Over four decades, Jane Jacobs produced several book-length analytical essays examining human systems, particularly cities, and their operation. The Nature of Economies continues in this tradition, offering comparisons of human economies to the systems of the natural world.
The Nature of Economies is, in a sense, a continuation and extension of Jacobs’s Systems of Survival (1993), which focused on the moralities of commerce and politics. Jacobs brings back several characters from the earlier book and employs a similar format—that of narrating and transcribing a series of conversations among friends in New York. Armbruster, a retired publisher, organizes meetings among the friends. He is joined by his niece, Hortense, an environmental lawyer; Kate, a science writer and former research scientist specializing in bioneurology; and Hiram Murray IV, a new character, an ecologist Hortense is dating. Later conversations bring in another new character, Hiram’s father, an economist. Missing from the circle is Ben, Hortense’s former boyfriend, who used to gloat over industrial disasters as evidence backing up his opinion that anything industrial or technological is inherently bad. His voice would have added more depth to the conversations; only rarely are objections raised to the points being made even when such objections are valid.
Jacobs herself states in the foreword that she uses didactic dialogue, a better description than “Platonic dialogue,” which appears on the flyleaf. Most of the conversations consist primarily of monologues by Hiram expounding on his theories. Hiram is a fund raiser and assists in finding grants for people to develop products and production methods based on nature—activities that he refers to as “biomimicry.” This work has led him to contemplate how human systems fit into what traditionally has been called the “natural” world. Throughout, he stresses that humans are a part of nature and that principles that apply to “nature” should apply equally well to human activities.
Armbruster is at first skeptical of Hiram’s program of biomimicry, and Hortense accuses him of sounding like her former boyfriend, Ben. When Armbruster states that biomimicry seems to be an exploitation of nature, Hiram responds that biomimicry is a form of development and states his belief in connections between economies and ecosystems. He also announces his personal project of learning economics through a study of nature (he had studied economics in college but switched to environmental science). This idea interests Armbruster, who wants to find out what Hiram has learned and asks permission to tape-record later conversations.
The initial conversation introduces four of the five characters and sets the groundwork for later discussion. Hiram points out that the word “ecology” was coined to refer to the economy of nature. He believes that human economies, like nature, are ruled by processes and principles that people did not invent and that they cannot transcend. Furthermore, knowledge of these principles can promote development and make development more harmonious with nature. Kate notes that Hiram’s theoretical framework implies that humans are a part of nature, an implication with which she agrees.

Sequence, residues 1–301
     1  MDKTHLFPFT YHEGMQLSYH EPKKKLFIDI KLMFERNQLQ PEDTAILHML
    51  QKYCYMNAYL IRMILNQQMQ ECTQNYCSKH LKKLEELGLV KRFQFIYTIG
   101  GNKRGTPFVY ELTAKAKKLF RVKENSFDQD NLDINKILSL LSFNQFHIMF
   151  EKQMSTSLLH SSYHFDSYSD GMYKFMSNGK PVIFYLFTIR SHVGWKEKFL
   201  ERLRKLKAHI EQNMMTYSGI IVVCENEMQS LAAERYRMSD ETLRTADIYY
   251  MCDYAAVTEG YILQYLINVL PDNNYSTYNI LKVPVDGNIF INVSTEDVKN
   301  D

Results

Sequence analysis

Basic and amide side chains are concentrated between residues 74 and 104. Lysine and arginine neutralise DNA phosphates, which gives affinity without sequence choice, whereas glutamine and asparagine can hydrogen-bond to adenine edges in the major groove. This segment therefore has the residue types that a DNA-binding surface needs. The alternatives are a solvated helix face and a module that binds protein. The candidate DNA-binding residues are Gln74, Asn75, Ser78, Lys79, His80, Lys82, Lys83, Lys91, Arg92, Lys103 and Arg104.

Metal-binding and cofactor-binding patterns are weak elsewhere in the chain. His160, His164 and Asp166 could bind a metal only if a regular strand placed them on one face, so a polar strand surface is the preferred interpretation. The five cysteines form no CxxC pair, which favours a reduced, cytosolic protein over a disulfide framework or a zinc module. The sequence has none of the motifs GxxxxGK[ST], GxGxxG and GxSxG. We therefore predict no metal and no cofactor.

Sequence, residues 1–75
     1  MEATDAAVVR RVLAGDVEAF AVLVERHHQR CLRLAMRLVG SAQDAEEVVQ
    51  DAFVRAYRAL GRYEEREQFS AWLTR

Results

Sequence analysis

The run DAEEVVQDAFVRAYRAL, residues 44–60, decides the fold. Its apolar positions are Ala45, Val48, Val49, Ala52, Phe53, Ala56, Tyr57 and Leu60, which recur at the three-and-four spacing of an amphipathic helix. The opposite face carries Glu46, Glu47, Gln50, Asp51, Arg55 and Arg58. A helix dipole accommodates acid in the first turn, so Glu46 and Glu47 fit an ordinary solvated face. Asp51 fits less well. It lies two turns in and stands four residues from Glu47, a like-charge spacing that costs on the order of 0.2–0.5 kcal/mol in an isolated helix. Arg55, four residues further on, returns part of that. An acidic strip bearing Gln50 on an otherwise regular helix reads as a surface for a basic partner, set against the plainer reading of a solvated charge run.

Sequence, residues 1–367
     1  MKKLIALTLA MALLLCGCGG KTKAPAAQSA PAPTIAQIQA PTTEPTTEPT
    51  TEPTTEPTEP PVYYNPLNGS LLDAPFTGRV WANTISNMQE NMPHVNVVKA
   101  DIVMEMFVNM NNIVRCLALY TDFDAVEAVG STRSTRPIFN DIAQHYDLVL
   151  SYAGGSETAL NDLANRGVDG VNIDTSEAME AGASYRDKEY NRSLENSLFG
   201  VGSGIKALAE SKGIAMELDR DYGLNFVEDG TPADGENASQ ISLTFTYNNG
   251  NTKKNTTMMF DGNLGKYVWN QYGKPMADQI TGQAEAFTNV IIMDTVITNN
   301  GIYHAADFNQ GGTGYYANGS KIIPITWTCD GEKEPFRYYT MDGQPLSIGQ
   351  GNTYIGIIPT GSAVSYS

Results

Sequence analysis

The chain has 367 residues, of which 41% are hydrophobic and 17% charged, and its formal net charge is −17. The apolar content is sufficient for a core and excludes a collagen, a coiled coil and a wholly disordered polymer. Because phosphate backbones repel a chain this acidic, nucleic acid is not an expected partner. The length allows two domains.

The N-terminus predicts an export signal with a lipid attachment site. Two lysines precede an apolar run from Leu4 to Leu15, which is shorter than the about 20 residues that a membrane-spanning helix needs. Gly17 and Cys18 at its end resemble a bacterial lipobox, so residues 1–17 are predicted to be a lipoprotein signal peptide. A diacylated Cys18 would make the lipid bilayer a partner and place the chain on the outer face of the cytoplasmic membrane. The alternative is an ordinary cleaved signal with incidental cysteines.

At the beginning of the first tape-recorded conversation, Armbruster admits that he does not know where to begin in questioning Hiram and requests that Hiram start his discussion wherever appropriate. This request sets the tone for the remainder of the book: Throughout, Hiram explains his theories, with the others listening and, occasionally, elaborating with examples from their own experience.
Chapter 2 is Hiram’s explanation of development, which he defines as significant qualitative change—that is, for development to occur, a system must change rather than simply grow. This differs from some economic definitions that measure development as an increase in economic capacity gauged by gross national product or income per capita. Hiram believes that all development is similar, consisting of differentiation resulting from generality; the differentiations then become new generalities.
Invention is an important aspect of development but is not synonymous with it. Some inventions are ahead of their time; they cannot be exploited fully because other conditions do not adequately support them. Kate mentions that the engineering of the Titanic, for example, was advanced for its time but that the best steel then available could not withstand the stresses created by the engineering design. Knowledge is thus part of the development process, and knowledge in one area often will have effects that reach many other areas. In addition, “lost” knowledge—that associated with obsolete techniques and technologies—may later resurface as important in new contexts. This idea ties into the importance of retaining biodiversity—certain species may serve purposes not yet realized.
Hiram notes that many governmental attempts to promote economic development have been based on what he calls the “Thing Theory of Economic...
(The entire section is 2089 words.)